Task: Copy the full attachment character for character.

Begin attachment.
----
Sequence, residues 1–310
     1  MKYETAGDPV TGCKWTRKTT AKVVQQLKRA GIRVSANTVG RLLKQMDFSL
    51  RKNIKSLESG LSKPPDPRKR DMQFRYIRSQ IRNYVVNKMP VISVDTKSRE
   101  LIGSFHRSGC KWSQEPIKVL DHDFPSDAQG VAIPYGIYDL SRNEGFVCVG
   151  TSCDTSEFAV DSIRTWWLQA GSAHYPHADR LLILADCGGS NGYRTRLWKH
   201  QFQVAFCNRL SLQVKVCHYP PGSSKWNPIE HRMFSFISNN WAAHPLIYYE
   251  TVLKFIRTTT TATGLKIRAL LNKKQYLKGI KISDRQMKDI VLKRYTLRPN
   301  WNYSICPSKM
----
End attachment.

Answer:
Sequence, residues 1–310
     1  MKYETAGDPV TGCKWTRKTT AKVVQQLKRA GIRVSANTVG RLLKQMDFSL
    51  RKNIKSLESG LSKPPDPRKR DMQFRYIRSQ IRNYVVNKMP VISVDTKSRE
   101  LIGSFHRSGC KWSQEPIKVL DHDFPSDAQG VAIPYGIYDL SRNEGFVCVG
   151  TSCDTSEFAV DSIRTWWLQA GSAHYPHADR LLILADCGGS NGYRTRLWKH
   201  QFQVAFCNRL SLQVKVCHYP PGSSKWNPIE HRMFSFISNN WAAHPLIYYE
   251  TVLKFIRTTT TATGLKIRAL LNKKQYLKGI KISDRQMKDI VLKRYTLRPN
   301  WNYSICPSKM